- The Washington Times - Sunday, December 31, 2017

The Supreme Court already has heard major cases on gay and First Amendment rights and police searches, and the justices are likely to add a momentous case about presidential power to their list early in the new year.

With President Trump’s travel ban policy once again before the high court, legal analysts predict the justices will agree to speed the case onto their docket in 2018, setting up a ruling by the end of June.

“I bet that the travel ban will indeed return to the court, probably for argument in April and a decision that last week of June,” said Ilya Shapiro, a senior fellow in constitutional studies at the Cato Institute.

The justices began hearing cases for this term in October, will finish up oral arguments in April, and then will issue decisions through June, when they close up for a three-month summer break.

Last June they issued a striking preliminary ruling on a previous version of Mr. Trump’s travel ban, reversing several lower courts and allowing much of it to go into effect.

They’d planned to revisit the case more fully early in October, but Mr. Trump released a revised version of the ban in September, sending all sides back to reargue over the new policy, which expanded the number of countries subject to travel restrictions, based on a thorough review of security cooperation.

The 9th U.S. Circuit Court of Appeals has ruled that review is still inadequate and ruled the updated policy illegal — though the court has stayed its own decision, allowing the travel ban to remain in place while the justices prepare to hear it.

Other lower courts, meanwhile, have targeted the president’s refugee policy, which calls for strict limits on numbers and countries.

Josh Blackman, a professor at South Texas College of Law, said he expects the administration to file its appeal to the Supreme Court from the 9th circuit ruling in early January.

After a slow 2016-2017 term, when the court had just eight justices for much of the time, the 2017-2018 term is full of momentous cases.

The justices kicked off the new term in October with arguments over how much politics is allowed as states draw their legislative districts, in a case that could determine whether Republicans or Democrats control the U.S. House.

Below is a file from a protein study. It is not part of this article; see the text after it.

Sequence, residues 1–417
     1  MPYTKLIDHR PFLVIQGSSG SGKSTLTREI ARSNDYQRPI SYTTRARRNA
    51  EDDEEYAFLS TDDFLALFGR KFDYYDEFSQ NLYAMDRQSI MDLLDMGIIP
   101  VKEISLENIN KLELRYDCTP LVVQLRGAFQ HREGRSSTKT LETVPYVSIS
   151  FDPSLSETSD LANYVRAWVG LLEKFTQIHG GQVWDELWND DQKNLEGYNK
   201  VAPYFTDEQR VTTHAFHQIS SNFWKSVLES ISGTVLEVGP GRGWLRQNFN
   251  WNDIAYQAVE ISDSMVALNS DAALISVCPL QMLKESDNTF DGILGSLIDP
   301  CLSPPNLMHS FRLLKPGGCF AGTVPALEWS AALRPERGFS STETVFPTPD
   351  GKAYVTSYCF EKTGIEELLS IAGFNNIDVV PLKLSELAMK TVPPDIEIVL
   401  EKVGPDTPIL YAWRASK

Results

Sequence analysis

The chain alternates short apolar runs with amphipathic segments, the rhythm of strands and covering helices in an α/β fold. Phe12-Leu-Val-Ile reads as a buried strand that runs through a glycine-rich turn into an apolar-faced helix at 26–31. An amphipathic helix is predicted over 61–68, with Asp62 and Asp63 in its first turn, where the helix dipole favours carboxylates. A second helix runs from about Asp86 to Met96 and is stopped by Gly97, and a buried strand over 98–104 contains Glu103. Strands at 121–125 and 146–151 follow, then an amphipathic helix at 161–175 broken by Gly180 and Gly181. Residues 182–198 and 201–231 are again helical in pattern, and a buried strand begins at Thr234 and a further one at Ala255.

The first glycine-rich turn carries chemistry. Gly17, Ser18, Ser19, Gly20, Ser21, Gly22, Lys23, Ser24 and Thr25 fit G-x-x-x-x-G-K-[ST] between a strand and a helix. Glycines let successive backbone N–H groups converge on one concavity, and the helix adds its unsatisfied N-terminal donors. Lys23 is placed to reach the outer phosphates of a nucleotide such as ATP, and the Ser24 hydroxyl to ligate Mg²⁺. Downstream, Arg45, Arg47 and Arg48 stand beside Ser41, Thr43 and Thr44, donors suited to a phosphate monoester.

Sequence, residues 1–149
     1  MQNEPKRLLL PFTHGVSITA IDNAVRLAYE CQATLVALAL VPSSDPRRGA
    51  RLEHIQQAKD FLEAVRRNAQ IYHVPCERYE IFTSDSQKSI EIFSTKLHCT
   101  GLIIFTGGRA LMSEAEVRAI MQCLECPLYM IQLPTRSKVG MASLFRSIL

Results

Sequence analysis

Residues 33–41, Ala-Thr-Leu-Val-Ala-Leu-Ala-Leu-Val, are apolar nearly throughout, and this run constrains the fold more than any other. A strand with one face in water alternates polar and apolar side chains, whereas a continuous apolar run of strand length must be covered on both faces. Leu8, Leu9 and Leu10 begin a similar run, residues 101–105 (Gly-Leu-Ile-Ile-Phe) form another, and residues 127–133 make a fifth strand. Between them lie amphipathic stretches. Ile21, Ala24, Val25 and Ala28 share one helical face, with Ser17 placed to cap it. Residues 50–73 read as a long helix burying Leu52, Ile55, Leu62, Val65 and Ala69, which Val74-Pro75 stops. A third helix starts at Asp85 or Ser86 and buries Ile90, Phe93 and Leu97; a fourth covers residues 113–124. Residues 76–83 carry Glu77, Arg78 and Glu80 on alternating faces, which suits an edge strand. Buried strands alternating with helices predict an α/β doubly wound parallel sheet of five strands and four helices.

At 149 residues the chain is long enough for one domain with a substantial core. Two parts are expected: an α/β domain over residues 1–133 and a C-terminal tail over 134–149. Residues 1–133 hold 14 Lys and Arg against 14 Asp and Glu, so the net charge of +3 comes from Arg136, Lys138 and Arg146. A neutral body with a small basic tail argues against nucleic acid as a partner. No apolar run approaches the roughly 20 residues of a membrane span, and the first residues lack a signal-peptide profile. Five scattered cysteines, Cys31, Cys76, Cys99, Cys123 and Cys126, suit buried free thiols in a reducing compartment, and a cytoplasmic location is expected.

The high court also dove back into gay rights issues in early December with a case over what rights observant Christians have to refuse to service same-sex weddings, and the justices will address the tension between technology and privacy with a case over cellphone tracking data argued in November.

Still to come is argument over Mark Janus, a government employee in Illinois who says he shouldn’t be forced to pay union fees if he doesn’t support his labor union’s policies.

The case will be heard in February, and if the justices rule in favor of Mr. Janus, unions could lose a substantial revenue source.

“The biggest case left to be argued is Janus, which if it goes for the non-union worker challenging agency fees, will have a major impact on public-sector unions and the money they have to spend on politics,” Mr. Shapiro said.

The justices will also hear arguments that same month in a big tech challenge about whether emails stored in overseas servers are subject to U.S. warrants.

Court-watchers said they expect other cases to take longer to develop — including a controversy brewing in the federal district court in Washington, D.C., where a judge has ordered the government to facilitate illegal immigrant girls’ ability to have abortions.

The American Civil Liberties Union argues the young women have a Constitutional right to an abortion despite being in the country illegally, while the Trump administration says federal law limits how much involvement the government can have in facilitating abortions, and as long as the illegal immigrant girls are in government care they must abide by government decisions.

Mr. Shapiro said he’s keeping an eye on Justice Anthony M. Kennedy, who some court watchers have been anticipating would retire.

“I thought he would this year, but he’s hired a full complement of clerks for next year,” Mr. Shapiro said.

• Alex Swoyer can be reached at aswoyer@washingtontimes.com.

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